Granddaughter Samatha and Husband Zed, Air Force Captains presently serving with NATO in Germany and living in The Netherlands have both been selected for Major. Congrats to the two of you.
Sams latest FB post. – 2 June, 2021
Today was a bittersweet day. In the military you’re lucky to hold the same position for a year, I had the chance to hold the same position for 3! It was my final day in the office as the Services Branch head (think party planner/hospitality management/mass feeding/postal/store clerk/and for the past year+ Covid coordinator) at NATO AB GK. This job has tried me in so many ways, but it has strengthened me in even more. The team I got to work with was truly diverse (16+ nationalities, military, NATO civilian, local national, and contractors) and taught me so many things. This was a one in a million experience and I am so grateful for every member of the team for supporting for me the past 3yrs. I am so excited to see the amazing things they will accomplish as the area begins to come out of COVID ops.Good news! My next position is still on base so now I get to be their customer.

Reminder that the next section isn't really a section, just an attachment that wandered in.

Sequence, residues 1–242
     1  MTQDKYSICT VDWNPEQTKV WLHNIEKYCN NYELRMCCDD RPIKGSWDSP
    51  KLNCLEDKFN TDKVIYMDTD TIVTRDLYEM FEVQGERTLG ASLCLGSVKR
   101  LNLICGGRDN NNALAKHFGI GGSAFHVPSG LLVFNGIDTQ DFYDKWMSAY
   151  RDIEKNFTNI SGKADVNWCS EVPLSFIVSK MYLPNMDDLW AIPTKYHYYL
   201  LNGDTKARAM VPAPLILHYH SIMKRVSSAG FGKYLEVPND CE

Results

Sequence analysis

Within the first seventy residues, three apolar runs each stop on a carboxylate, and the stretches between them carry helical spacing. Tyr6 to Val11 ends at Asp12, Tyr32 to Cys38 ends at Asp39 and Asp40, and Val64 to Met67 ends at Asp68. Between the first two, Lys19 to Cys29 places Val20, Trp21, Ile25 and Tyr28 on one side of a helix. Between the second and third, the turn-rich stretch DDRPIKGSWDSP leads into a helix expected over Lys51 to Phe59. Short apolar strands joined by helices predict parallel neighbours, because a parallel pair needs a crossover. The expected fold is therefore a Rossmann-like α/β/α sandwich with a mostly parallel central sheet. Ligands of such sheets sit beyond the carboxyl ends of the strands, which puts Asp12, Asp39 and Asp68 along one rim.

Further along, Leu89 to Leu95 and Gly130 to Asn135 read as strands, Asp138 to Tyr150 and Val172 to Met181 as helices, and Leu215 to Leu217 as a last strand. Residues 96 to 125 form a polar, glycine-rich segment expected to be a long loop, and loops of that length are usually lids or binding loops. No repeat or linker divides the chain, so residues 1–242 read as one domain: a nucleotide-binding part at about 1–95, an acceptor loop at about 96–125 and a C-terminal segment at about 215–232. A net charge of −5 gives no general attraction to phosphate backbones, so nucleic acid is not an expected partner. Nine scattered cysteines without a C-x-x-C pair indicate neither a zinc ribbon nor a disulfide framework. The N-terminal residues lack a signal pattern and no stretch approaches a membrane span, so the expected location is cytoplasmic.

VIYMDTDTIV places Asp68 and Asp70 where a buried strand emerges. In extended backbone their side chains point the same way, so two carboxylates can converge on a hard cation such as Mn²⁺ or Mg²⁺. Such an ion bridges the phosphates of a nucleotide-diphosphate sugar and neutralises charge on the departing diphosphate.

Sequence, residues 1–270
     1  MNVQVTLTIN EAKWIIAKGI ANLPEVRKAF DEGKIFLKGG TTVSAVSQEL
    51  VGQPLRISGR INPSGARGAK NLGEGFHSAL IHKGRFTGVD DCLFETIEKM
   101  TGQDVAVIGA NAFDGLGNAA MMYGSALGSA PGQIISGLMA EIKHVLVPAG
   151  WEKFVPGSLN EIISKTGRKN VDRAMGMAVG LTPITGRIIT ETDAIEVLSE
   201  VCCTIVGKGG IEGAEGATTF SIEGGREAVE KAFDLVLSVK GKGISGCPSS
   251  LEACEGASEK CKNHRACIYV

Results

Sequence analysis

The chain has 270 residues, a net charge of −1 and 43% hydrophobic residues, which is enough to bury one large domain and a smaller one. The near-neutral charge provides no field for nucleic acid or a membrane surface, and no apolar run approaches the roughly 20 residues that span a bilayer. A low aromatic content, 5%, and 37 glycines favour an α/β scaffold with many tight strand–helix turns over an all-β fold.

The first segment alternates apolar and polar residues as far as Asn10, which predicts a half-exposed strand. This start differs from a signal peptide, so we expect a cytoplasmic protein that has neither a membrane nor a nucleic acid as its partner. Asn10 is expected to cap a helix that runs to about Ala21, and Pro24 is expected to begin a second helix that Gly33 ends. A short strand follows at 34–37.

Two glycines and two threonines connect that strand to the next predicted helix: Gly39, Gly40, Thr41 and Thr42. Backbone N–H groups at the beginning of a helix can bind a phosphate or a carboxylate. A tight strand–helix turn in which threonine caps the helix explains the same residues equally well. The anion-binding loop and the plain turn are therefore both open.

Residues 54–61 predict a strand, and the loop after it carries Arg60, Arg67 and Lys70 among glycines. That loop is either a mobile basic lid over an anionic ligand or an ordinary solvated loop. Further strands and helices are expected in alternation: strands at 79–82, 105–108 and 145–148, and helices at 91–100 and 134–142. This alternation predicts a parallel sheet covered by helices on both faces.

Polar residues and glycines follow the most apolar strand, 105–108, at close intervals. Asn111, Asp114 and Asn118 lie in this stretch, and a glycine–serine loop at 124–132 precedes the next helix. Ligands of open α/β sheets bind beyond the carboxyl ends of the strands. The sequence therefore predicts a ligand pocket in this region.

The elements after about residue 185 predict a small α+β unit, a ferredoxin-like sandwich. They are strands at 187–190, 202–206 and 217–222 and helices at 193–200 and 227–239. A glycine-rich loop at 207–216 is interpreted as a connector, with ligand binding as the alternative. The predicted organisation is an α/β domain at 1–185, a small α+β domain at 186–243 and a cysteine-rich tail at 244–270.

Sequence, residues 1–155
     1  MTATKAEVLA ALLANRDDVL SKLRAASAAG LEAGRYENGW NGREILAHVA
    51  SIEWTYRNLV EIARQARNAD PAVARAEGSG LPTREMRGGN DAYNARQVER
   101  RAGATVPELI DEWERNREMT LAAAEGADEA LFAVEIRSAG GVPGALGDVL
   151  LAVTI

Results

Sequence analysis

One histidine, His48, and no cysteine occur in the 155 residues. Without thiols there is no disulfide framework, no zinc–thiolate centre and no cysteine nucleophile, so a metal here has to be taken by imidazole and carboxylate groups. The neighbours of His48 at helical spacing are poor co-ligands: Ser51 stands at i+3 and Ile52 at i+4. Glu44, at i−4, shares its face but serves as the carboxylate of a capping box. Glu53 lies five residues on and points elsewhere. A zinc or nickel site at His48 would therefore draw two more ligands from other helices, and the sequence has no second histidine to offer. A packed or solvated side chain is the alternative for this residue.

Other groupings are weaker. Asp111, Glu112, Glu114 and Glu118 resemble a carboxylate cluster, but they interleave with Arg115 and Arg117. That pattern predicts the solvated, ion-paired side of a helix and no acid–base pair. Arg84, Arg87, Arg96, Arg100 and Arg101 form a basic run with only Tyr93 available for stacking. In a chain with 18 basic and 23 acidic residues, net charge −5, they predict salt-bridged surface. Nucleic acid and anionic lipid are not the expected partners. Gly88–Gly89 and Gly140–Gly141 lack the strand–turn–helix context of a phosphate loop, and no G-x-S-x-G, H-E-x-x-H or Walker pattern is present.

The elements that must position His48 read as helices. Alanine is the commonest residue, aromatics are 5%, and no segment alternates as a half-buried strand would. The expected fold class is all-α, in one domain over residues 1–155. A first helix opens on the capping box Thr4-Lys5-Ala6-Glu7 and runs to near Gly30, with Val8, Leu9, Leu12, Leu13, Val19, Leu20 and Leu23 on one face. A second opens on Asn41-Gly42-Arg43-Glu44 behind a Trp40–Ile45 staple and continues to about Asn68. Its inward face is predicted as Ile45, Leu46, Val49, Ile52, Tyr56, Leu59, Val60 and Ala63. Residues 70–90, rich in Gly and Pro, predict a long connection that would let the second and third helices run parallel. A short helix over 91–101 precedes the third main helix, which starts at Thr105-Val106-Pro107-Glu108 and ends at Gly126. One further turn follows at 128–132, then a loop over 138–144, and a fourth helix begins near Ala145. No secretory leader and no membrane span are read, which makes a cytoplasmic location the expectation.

Get your Covid shot? If not and you’re reading this, there’s still time.